In Songdo, the Board has been asked to decide about the accreditation applications of five additional entities (four of them national). Expect some controversy. It wouldn’t be the first Board meeting with contentious accreditation proposals, as civil society fought against bringing large private-sector fossil-fuel supporting financiers Deutsche Bank, HSBC and Credit Agricole into the GCF implementation partner network. The Board will consider the accreditation of the Export-Import Bank of Korea, the first export credit agency (ECA) to seek access to GCF funding, with a heavy history in coal financing. Some Board members question whether ECAs are appropriate partners for the Fund (and some developed country representatives might have a hard time explaining to their public at home why their GCF contribution should support the exports of other contributing countries). Direct access regional and national development banks from West-Africa, the Caribbean and Mongolia will likely face little to no objection. Lastly, the proposed accreditation of GIZ as the third German entity could raise some eyebrows, especially since GIZ’ focus on technical assistance is seen by some observers as bringing limited additional value to the pool of implementing entities.
While essentially the consideration of accreditation proposals so far has followed – with some tweaking – a first-come-first-serve approach, the intransparency of the application pipeline does not support balance, nor a targeted prioritization of both public and private direct access entities. More discussion about and some decision on an accreditation strategy for the GCF as an important corollary to the Fund’s approved overall strategic plan is expected at the 13th meeting. The Board will have to tackle questions of how many accredited entities the GCF can deal with. Which number is enough? Should they cap the number of international access partners, while encouraging further applications for direct access entities? For many national, regional and sub-national applicants going through a tough accreditation procedure, while time-consuming, can also serve an important capacity and institution-building process for developing country partners and an important requirement for plans to devolve funding decision-making in the future to the national level, for example under an Enhanced Direct Access (EDA) approach. A strategy could also look for gaps in terms of coverage (regional, expertise, instruments) to be filled by expanding the GCF partner network in a controlled way further.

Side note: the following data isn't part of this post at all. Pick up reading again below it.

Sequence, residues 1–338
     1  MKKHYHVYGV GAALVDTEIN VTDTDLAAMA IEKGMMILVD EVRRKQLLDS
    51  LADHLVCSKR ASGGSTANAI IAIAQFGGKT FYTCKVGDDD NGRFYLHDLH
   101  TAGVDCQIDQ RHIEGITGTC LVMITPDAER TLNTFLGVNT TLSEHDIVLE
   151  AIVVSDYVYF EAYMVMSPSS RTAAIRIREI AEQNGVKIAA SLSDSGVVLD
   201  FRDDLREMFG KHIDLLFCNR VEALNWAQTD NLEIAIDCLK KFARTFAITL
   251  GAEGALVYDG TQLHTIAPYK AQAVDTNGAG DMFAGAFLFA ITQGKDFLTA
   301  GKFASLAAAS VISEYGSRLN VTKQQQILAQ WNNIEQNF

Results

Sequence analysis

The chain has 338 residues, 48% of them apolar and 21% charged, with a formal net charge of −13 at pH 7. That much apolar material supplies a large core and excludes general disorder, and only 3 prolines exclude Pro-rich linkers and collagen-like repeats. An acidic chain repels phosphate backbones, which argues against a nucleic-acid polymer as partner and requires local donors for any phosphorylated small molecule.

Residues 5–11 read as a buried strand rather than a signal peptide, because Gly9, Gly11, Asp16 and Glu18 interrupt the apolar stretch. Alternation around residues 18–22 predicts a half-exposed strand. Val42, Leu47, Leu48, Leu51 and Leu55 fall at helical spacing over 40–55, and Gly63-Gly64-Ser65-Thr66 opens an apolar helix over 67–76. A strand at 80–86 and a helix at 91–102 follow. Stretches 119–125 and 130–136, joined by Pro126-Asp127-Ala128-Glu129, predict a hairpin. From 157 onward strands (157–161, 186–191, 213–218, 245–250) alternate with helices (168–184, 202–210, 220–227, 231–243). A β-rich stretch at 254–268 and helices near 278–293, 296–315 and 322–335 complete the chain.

Resource Availability, Project Pipeline and Project Proposals
At its 11th Board meeting in Zambia in November of last year, the Board approved the GCF’s first eight projects with US$168 million in GCF funding. The Board then also set the ambitious goal of supporting GCF projects and programs worth US$ 2.5 billion in 2016. This ambition is linked to the start of the GCF’s first replenishment originally expected in mid-2017, which is to be triggered once cumulative GCF funding approvals exceed 60% of the total funding received during the initial resource mobilization efforts (which has netted US$ 10.26 billion in pledges from 46 countries with US$ 9.9 billion in signed contribution agreements).
So far, the GCF Secretariat has received 41 proposals (31 public, 10 private) worth US$ 6.6 billion and asking for US$2.4 billion in GCF support, but not all of them can be approved by year’s end. Of these, 24 funding proposals are considered somewhat likely to be presented to the Board for decision within the next year, with another 17 proposals deemed less advanced. Strikingly, though, of the 24 proposals asking for US$ 1.4 billion in GCF support for a cumulative total project volume of US$ 4.1 billion only two are proposals from direct access entities (just 8.3 % of the more advanced project proposals in the GCF pipeline). Among the 17 less advanced funding proposals, seven are from direct access entities.